In a continued celebration of the Black Lives Matter movement, we’ve curated a playlist to showcase fifty emerging Black artists. Mostly alternative-R&B and experimental-pop, many of these artists bend both genre and societal conventions, encouraging a more active dialogue about racial justice, especially amidst protests stemming from the murder of George Floyd.

Support these up-and-coming Black artists by giving the following playlist a listen, and keep reading to learn more about our favorite tracks.

 

 


 

black artists - Sudan Archives

Sudan Archives – Limitless 

Sudan Archives knows no limits. A self-taught violinist and vocalist, the Cincinnati-born prodigy writes, plays, and produces her own music. Fusing Sudanese-style violin with electronic beats and ethereal vocals, Sudan Archives has a sound like no other.  “Limitless” is an experimental, relatable R&B song that explores an unhealthy internet relationship, something that many of us unfortunately know too well. 

 

 


 

black artists - Serena Isioma

Serena Isioma – Cookout

Serena Isioma is a 19-year-old, first-generation Nigerian-American singer whose eclectic music packs a punch. While Serena Isioma claims she’s not an activist — she’s “just black and tired” — her atmospheric R&B-rock song “Cookout” takes no mercy in calling out the current police state, with witty lines like:  “Shoutout to my lawyer but / Fuck the whole state / Fuck 12 / Fuck 12 / Fuck 12 / They just wanna put me in jail / But that ain’t gonna happen go to hell.” 

 

 


 

black artists - Deem Spencer

Deem Spencer – Soap 

Deem Spencer is an emerging artist from Jamaica, Queens with a unique, jazz-infused hip-hop sound. He wrote “Soap,” his most-streamed song, a year-and-a-half after graduating high school, when he realized that there were a lot of dumbass things I did to impress people or to fit in.” Nowadays, Deem is far more willing to go against the crowd, standing up for himself and others. “Soap” is just the beginning of his clever lyricism and off-kilter sound.

 

 


 

black artists - OSHUN

OSHUN – Burn 

Inspired by West African mythology and Afro-futurism, the hip-hop duo OSHUN, comprised of Thandiwe and Niambi Sala, strives to create an interdimensional experience for their listeners where they can connect with the spirit of their ancestors to manifest a sweeter tomorrow for all of us. Their reggaeton-inspired song “Burn,” is all about reaching this higher level of consciousness. 

 

 


 

black artists - Spencer.

Spencer. – Hold It Down

Spencer. is a genre-defying, New York-born artist whose music career really popped off after dropping out of college to pursue music full-time. Less than a year later, Spencer. got signed 4AD / Remote Control Records, and he promised he’d never go back to school. “Hold It Down” is a moody, indie-rock bop about the power of unconditional love. With chill, lo-fi guitar, a funky bassline, and velvety vocals, “Hold It Down” feels timeless, evoking nostalgia for something you may have never experienced. If you’re not in love now, you will be.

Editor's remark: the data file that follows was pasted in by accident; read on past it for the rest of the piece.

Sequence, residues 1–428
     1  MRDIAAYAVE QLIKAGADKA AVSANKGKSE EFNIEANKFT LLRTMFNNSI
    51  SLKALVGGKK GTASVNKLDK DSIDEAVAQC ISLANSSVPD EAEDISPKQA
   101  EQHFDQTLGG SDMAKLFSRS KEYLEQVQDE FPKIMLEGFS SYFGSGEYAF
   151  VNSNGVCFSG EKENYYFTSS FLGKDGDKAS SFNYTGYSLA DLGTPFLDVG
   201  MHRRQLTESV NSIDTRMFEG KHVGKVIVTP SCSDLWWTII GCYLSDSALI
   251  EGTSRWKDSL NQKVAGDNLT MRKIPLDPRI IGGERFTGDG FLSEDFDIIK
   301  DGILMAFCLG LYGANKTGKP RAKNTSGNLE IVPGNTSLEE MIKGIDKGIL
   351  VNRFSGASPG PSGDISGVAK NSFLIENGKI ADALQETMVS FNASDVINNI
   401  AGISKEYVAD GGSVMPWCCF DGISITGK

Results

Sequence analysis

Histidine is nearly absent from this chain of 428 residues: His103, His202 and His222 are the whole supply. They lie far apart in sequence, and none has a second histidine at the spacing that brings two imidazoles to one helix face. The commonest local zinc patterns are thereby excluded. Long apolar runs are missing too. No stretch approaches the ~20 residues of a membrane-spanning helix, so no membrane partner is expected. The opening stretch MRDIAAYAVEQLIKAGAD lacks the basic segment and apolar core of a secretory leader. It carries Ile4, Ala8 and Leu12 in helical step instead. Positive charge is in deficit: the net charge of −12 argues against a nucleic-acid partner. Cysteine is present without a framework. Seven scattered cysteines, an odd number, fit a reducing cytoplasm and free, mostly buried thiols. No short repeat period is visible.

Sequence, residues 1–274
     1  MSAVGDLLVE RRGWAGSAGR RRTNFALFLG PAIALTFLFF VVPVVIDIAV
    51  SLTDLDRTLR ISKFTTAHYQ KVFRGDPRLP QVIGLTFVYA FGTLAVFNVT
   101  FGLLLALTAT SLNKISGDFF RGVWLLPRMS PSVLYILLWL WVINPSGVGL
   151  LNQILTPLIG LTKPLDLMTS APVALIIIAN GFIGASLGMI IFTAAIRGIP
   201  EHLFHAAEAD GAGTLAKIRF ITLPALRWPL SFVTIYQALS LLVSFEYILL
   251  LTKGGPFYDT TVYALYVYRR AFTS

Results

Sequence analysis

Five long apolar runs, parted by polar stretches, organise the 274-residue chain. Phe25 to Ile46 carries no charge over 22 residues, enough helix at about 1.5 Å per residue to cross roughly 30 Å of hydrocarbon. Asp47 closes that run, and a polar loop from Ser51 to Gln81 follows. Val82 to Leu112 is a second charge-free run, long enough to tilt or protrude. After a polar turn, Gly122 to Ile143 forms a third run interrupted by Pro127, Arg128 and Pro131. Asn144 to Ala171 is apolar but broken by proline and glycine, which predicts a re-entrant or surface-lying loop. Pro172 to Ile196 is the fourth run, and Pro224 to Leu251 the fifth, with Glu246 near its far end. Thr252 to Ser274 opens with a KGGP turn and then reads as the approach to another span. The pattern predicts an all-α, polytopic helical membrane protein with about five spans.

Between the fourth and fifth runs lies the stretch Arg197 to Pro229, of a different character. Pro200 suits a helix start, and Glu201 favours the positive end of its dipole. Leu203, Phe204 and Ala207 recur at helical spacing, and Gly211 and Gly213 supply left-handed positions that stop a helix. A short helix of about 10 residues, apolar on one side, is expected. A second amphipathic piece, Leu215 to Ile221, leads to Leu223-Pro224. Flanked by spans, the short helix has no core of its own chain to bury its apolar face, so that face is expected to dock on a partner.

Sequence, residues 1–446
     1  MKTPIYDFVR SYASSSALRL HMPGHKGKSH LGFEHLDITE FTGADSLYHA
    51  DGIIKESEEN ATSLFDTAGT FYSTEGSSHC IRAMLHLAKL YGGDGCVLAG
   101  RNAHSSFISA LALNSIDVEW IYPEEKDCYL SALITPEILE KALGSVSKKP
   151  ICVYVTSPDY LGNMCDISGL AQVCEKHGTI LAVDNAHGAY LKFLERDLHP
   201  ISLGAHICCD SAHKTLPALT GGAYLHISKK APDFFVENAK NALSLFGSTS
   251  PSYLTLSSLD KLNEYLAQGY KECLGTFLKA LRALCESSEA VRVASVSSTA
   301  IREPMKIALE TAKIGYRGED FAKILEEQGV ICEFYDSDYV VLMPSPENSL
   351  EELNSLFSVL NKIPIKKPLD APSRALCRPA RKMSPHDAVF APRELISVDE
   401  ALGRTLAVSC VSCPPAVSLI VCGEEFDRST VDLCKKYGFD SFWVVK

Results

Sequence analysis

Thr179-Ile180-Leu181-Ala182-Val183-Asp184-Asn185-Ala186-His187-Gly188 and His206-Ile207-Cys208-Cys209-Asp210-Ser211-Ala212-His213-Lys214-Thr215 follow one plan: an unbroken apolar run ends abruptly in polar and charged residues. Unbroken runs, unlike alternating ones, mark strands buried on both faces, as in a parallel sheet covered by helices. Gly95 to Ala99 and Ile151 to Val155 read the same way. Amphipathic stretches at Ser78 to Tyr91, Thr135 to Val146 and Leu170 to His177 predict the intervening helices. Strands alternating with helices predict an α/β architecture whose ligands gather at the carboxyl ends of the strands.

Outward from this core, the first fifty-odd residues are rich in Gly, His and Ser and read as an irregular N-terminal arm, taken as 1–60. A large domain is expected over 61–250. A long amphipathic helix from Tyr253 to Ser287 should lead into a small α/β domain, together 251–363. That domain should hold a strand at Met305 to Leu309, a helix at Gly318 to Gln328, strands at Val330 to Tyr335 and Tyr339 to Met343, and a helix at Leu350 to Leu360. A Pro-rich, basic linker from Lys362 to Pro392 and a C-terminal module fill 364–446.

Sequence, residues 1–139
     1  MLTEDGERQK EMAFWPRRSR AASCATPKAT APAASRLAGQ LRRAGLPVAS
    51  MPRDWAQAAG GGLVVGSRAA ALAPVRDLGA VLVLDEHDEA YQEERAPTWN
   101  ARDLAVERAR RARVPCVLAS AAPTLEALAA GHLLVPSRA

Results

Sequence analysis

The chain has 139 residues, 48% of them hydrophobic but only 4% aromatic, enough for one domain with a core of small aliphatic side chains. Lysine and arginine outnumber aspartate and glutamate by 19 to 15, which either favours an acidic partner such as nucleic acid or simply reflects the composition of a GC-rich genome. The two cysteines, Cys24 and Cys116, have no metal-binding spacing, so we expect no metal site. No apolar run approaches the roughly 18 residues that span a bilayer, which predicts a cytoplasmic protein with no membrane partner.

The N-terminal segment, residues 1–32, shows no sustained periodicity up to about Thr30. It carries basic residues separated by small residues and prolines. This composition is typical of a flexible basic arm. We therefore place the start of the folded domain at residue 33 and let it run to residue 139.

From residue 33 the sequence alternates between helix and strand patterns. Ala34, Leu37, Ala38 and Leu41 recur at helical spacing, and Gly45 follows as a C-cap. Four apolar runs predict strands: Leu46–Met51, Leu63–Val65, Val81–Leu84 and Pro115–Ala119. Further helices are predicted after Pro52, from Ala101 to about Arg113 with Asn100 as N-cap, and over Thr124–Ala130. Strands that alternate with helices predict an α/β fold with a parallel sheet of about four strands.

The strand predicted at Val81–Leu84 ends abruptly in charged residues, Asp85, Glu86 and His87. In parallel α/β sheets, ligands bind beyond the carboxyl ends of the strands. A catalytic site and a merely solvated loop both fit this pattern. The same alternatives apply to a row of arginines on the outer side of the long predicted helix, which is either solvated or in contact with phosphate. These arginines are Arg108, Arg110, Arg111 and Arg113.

black artists - shygirl

Shygirl – UCKERS 

Shygirl, the 27-year-old London-born musician and DJ, exists in paradoxes. Shy but fierce, chill but bossy, soft but hardcore, Shygirl pulls you in with her spooky club sound. Creepy club music might seem like the last thing you want to listen to during quarantine, but Shygirl’s industrial-rap sound is so hypnotic that you can’t help but dance along to her whispery vocals and eerie beats. “UCKERS” is no exception.

 

 


 

black artists - Dua Saleh

Dua Saleh – umbrellar

Dua Saleh is a grunge god. As a gender non-binary, Sudanese-American artist, Dua Saleh regularly explores her identity in her music. In her gritty, indie-rock track “umbrellar” off her most recent Rosetta EP, Dua Saleh explores the spectrum of sexuality through the story of an alien love affair. 

 

 


 

Q – Lavender

Q is a bit of a mystery. With very little social media presence, it’s hard to pin him down, not just as a person, but musically too. That being said, there’s something undeniably raw about Q’s raspy, minimalist sound. Much like the plant, his “Lavender” pulls you in with its earthiness. “There’s something in the air that makes me wanna get closer to you,” he lulls, engulfing you in a peaceful, floral landscape. 

 

 


black artists - hope tala

Hope Tala – Lovestained 

Hope Tala is a 22-year-old, London-born musician with a neo-soul sound. Inspired by queer love stories, her dreamy track “Lovestained” is exactly that. Blending bossanova and R&B, she sings about what she describes in a Complex interview as “the grey area between infatuation and love, when you just want the person you’re interested in to give you a little bit more of themselves so that you can let yourself fall for them.” 

 

 

 


 

black artists - serpentwithfeet

serpentwithfeet – A Comma

Brooklyn-based Josiah Wise, otherwise known as serpentwithfeet, is an avant-garde gospel pop artist who’s not afraid to take creative risks. “A Comma” feels like a paranormal experience, a ghoulish tale of a man trying to find his place in the world. Recently Josiah has been especially vocal not just musically, releasing his Apparition EP in May, but also politically vocal, speaking out on Twitter amidst George Floyd’s murder about abolishing the police and destabilizing whiteness.

 


 

Check out the full playlist below and make sure you follow us on Spotify to stay up-to-date on the best new music. 

 

50 Black Artists On the Rise